Additional Participants

Graduate Student

Jeremy Rich

Undergraduate Student

Jarod Rollins
Meredith Garey

Project Period

July 1, 1996-June 30, 2000

Level of Access

Open-Access Report

Grant Number


Submission Date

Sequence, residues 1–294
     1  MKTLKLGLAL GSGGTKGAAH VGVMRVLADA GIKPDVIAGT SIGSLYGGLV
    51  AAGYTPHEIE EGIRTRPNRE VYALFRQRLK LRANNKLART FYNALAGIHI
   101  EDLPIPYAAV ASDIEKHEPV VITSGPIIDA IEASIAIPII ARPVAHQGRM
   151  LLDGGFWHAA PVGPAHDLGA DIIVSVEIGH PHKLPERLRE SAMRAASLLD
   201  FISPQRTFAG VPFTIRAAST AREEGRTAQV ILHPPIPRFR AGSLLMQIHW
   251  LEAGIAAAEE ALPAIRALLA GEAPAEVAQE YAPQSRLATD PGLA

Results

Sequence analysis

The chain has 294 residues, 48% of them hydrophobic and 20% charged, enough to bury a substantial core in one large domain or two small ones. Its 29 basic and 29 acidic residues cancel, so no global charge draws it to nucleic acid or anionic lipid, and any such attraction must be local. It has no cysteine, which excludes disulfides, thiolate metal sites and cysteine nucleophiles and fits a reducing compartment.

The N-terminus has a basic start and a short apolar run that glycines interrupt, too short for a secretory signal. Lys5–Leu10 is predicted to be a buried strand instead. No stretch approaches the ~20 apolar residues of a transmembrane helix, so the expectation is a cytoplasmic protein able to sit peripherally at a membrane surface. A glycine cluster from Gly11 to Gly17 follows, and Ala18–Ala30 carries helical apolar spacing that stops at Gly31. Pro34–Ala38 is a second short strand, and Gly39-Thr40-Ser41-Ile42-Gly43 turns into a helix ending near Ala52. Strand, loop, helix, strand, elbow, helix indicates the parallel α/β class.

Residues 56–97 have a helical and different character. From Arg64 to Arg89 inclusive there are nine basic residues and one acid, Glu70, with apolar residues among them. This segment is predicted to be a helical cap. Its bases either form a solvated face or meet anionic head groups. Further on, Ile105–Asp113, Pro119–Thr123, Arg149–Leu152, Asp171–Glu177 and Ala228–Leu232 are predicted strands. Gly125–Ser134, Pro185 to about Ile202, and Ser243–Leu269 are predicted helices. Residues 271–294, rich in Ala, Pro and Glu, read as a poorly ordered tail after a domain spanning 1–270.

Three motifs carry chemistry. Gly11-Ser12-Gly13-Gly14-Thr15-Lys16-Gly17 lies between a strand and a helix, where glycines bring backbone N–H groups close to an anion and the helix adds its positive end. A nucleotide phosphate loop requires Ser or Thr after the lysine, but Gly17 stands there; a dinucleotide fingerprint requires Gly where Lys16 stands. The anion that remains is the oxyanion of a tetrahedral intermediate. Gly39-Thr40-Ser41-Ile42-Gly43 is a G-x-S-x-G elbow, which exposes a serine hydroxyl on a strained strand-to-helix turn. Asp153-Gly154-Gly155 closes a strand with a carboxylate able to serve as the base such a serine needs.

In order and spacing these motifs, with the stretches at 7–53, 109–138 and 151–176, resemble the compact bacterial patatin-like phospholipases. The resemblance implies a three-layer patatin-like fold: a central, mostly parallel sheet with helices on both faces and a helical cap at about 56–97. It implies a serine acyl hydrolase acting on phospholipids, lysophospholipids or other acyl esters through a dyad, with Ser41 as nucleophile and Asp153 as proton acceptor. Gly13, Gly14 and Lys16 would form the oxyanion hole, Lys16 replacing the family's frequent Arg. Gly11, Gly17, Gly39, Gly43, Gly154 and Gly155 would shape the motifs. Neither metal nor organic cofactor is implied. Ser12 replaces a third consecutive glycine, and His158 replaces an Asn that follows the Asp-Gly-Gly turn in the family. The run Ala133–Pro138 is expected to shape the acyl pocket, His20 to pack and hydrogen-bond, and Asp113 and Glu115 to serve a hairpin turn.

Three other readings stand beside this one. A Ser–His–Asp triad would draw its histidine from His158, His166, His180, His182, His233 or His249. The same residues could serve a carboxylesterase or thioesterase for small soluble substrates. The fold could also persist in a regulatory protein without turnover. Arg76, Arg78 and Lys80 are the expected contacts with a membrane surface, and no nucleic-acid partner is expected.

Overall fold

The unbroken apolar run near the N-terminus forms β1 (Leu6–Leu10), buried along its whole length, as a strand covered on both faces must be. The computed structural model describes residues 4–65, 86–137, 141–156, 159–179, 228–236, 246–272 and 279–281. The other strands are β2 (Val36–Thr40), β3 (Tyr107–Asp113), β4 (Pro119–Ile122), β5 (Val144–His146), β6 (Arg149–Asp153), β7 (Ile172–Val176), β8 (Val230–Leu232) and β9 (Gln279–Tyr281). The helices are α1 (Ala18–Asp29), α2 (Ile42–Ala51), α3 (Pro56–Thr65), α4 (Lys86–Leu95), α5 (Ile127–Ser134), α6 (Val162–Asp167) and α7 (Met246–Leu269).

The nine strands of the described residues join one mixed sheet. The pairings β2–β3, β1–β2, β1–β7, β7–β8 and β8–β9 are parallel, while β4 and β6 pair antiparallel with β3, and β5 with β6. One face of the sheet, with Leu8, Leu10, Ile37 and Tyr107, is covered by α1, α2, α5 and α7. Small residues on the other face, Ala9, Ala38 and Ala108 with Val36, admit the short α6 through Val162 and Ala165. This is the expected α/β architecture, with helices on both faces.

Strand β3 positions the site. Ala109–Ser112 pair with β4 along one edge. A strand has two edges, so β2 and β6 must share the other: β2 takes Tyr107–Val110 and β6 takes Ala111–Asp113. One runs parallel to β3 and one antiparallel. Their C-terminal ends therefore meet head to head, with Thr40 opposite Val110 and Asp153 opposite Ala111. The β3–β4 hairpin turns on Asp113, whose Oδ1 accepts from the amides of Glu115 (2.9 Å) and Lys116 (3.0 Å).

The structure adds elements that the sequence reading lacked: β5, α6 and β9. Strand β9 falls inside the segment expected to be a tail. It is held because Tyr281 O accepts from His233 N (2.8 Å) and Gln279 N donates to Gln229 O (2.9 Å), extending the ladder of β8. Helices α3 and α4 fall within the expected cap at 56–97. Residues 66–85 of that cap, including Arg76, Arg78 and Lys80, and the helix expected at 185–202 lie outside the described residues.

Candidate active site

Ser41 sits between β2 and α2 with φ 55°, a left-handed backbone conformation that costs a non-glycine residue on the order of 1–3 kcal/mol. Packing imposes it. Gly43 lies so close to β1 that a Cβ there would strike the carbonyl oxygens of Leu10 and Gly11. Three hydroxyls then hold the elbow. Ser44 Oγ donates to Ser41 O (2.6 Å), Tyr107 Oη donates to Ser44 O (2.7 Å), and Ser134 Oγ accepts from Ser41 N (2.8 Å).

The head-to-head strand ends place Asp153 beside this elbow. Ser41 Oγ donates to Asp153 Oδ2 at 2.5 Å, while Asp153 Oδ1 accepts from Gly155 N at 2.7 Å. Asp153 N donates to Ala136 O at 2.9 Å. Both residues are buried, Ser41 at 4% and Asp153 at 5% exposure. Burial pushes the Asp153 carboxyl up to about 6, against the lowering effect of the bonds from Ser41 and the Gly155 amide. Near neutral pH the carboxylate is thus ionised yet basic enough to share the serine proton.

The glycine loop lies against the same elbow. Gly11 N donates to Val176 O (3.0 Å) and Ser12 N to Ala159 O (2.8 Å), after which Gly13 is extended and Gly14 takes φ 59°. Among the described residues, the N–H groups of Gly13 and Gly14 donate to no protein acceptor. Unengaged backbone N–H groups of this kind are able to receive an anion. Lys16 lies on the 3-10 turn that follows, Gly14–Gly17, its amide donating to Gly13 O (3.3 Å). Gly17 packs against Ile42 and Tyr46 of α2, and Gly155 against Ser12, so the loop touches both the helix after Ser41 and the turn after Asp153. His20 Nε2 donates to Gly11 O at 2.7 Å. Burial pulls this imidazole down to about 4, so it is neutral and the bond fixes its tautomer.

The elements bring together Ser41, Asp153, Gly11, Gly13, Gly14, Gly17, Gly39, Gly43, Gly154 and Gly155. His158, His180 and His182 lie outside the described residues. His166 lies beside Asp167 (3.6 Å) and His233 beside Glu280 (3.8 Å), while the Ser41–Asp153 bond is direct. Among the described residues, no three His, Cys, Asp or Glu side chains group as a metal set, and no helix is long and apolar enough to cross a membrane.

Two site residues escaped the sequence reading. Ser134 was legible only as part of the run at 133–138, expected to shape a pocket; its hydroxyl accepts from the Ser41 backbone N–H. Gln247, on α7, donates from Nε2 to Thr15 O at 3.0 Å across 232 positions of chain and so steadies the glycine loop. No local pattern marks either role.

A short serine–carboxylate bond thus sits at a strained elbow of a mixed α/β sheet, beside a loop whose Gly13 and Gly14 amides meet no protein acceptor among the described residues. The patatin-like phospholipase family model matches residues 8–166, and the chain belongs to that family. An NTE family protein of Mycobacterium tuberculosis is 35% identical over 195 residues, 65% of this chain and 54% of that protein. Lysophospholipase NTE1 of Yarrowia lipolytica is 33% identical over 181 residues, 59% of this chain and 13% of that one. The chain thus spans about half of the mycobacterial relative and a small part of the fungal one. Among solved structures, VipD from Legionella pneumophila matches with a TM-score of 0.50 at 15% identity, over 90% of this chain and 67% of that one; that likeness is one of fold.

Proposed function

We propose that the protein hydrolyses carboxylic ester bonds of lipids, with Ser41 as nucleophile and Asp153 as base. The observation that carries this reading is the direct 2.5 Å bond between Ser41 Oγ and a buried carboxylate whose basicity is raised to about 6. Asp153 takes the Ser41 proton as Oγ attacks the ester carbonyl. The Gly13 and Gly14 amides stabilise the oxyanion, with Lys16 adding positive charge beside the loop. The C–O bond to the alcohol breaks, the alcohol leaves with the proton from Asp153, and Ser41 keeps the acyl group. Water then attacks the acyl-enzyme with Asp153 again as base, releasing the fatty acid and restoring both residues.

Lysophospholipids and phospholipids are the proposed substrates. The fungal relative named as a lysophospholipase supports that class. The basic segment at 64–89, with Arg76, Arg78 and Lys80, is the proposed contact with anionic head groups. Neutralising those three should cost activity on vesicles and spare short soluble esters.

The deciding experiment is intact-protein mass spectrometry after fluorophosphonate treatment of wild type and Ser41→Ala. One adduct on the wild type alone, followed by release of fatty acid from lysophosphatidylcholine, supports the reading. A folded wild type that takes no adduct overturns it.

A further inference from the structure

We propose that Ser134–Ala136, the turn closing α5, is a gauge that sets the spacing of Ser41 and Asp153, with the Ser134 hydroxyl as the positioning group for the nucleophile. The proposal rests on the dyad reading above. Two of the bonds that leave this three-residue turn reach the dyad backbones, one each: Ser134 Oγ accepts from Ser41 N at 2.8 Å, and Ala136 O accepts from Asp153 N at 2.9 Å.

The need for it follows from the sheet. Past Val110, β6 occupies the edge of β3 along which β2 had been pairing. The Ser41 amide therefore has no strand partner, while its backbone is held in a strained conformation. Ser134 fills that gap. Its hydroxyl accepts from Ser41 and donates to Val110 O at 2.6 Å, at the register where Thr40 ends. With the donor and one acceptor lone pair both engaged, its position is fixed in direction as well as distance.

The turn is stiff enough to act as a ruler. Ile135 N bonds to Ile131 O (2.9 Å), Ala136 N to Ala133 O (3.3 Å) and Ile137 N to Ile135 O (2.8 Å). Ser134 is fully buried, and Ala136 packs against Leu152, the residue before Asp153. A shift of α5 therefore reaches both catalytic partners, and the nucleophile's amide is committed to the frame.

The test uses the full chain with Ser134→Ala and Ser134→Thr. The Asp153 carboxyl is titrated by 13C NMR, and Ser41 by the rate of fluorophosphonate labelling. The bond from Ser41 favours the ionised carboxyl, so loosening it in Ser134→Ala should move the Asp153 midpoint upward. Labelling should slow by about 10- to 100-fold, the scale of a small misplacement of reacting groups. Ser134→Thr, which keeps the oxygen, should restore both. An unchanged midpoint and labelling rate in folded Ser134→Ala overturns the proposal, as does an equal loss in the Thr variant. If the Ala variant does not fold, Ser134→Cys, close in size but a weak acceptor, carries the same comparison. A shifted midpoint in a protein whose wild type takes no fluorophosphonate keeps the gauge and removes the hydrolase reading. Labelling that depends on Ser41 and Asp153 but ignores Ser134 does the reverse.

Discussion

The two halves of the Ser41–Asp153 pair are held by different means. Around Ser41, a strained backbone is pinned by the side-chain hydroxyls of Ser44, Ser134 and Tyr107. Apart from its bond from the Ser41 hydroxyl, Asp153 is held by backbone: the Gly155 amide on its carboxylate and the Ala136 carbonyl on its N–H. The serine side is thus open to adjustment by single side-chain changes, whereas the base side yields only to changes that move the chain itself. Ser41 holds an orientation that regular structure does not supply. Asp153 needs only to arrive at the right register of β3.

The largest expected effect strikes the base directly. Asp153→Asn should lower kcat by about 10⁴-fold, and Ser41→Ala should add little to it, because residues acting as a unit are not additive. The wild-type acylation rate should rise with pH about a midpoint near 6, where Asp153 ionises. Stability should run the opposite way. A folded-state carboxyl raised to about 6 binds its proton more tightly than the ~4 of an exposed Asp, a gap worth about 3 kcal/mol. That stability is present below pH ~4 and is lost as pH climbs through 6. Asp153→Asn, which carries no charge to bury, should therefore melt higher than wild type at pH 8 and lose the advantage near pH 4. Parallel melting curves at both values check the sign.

Carbon monoxide (CO) plays a major role in atmospheric chemistry. Through a series of reactions, CO can contribute to the formation of tropospheric ozone, which poses a serious health concern on a regional scale. While anthropogenic sources of CO are reasonably well understood, relatively little is known about natural CO sources and sinks. Wetlands have been discounted as CO sources on the basis of sediment CO concentrations. However, plant leaves and stems produce significant amounts of CO when illuminated by the sun. Because of their large amounts of plant biomass, wetlands are likely strong net CO sources. Our work will determine the extent and controls of CO emission from wetlands, and contrast the behavior of CO with that of methane, another important atmospheric trace gas for which wetlands are a primary global source. Our work will also examine links between CO production and increased ultraviolet (UV) irradiation due to stratospheric ozone depletion.